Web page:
There are so many lonely people in this world who, despite their relative successes haven’t found true happiness.
Yesterday I met with K who was had a major fight with his girlfriend in front of me. I have warned K longtime ago NOT to invest too much love emotion onher. Time and time again I told him,“you cannot own someone, you can not turn her into a robot that will act and feel the way you expect her to.” I may be jaded and admittedly never been through‘all –out’ love and I may have no right to proclaim I am better than other lovers but my goodness, I have limits if I fall in love. I don’t think the one I love would want me falling apart when it’s over. Idon’t the one I love would be happy if I start monitoring all her moves. That can be creepy, frightening and downward stupid. To love someone to the point of abandoning self-dignity and self-respect or to be so heart sick that I start stalking her, that is pretty much criminal and no matter how much obsessed and in love and romantic you think you are, that is still sick in my book.
Having someone is just as good as letting go especially when love gets so stale and one sided. When one falls out of love, the other should let go and move along.
It’s funny I haven’t really thought much about love until I hanged out with K yesterday. While watching their love fight, ( I was more a referee than a spectator), I couldn’t help but think, “Am I to stay put watching this idiocy or should I go somewhere?”
Really, what’s the point of people’svery personal matters being revealed to me like I were a judge?
That was the time I remembered my Harvard patient who was so lonely in this world. How can people waste their time in petty quarrels and vendettas and agonies and endless argumentation when in the end, what matters is only your own self’s preservation and happiness? Who will remember your fights, your awards, your jokes, your deep emotional love, your investments, your wealth, your intelligence, your good looks, your ability to lead and win when in the end, you are there sitting on a wheelchair taken cared of by an aide who is there because you are paying? Why won’t I invest on what is truly valuable – my peace, my sanity, my health, my spiritual sustenance?
In the middle of their lovers’ fight, I hurriedly left because I wanted to run in the park. I wanted to complete an 11 mile run before I go to sleep.
- Written by MattLopez
- Category: Diet and Nutrition
- Hits: 1545
(This will be an ongoing article)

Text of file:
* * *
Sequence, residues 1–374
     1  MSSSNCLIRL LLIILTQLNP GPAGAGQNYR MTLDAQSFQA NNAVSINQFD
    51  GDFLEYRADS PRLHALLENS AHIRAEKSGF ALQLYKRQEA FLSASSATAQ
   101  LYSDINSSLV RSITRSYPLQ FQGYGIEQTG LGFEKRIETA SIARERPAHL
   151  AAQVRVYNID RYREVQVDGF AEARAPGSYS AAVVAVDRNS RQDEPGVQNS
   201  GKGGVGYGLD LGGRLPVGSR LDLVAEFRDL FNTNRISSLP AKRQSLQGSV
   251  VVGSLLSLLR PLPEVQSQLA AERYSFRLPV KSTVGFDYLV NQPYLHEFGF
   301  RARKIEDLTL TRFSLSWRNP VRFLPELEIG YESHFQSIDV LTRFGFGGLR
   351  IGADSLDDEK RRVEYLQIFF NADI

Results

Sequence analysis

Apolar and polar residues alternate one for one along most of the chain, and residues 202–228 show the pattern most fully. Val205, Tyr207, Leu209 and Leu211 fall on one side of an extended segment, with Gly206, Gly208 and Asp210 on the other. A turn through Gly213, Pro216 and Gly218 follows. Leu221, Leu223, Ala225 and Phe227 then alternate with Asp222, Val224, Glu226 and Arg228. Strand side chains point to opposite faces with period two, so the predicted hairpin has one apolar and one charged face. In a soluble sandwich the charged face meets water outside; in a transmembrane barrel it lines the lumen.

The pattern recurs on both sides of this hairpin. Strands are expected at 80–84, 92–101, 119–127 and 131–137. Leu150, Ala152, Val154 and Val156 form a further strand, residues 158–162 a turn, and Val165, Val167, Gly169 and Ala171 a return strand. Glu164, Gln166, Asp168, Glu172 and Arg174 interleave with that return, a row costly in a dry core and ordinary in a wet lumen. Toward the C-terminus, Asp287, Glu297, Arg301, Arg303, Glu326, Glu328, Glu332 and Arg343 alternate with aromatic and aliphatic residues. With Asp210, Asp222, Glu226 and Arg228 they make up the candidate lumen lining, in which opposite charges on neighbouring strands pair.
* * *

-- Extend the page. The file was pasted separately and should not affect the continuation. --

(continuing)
I finally got my third lab result in a span of nearly one year. Everything in it is good news. My cholesterol, sugar and everything else has turned into normal values. But this was not based on a hunch or diet programs being promoted out there. It was based on medical, dietary, physical consultations. I am pretty sure of my findings because they are my evidence to whatever claims I will be making from now on.
First, in achieving optimum health, diet or exercise can NOT work alone each. They have to be together. In my experiment, dieting did not improve my numbers . Neither exercise alone. When I put the two together, they worked on me like magic.
My cholesterol alone, and this is without medication, has improved from 290s to 180's. (HDL 55, LDL 125)
My sugar also, considering I am diabetic, has improved from Hemoglobin A1C of 8.9 to 6.4. Without medication.
What I have done is two-fold - I kept on the work-out which I did regularly and reduced my carbohydrate loading significantly. For this I consulted lots of materials on physical activities, choosing those that can use up calories the most. Running and Swimming were the chosen ones. Then, after consultation with a friend and co-worker nutritionist Jeremiah, I was able to pick up the best food that is meant for me, and I later studyied the effects of different foods on my sugar levels through blood sugar monitors.
I am sure many of my conclusions have already been published in different journals and articles out there but this is the first time I personally tested their veracity through my own body. And though I may show you my jubilation and happiness over my results, I would not fool you into thinking these were all accomplished very easily.
I have to make some important admissions first: I love fruits and vegetables, I run half-marathons and train for them appropriately, I swim laps for an hour or so at a time. I work almost everyday. Occasionally, I falter in my disciplined routine and I go on binges but I make up for those days immediately.
So far, I have lost and maintained a 25 pound weight loss and have been on that weight for a year now. Though I have increased my protein intake, I make sure I have fibers, veggies, fruits everyday.
As far as food intake is concerned, I follow the proverbial 'eat like a king in the morning, like a courtesan in the afternoon and like a pauper in the evening'.
All my carbs are loaded into me at breakfast and a little again at lunch. And then, if I can help it, I eradicate carbs from my dinner table before 7pm at nights. And this has nothing to do with weight loss program or dieting. It has something to do with my diabetes.
This may sound pure torture for some. Bitter melon from Asia requires an acquired taste but it is one of the greatest super foods in the world. And I can eat it in my own way.
Page 16 of 19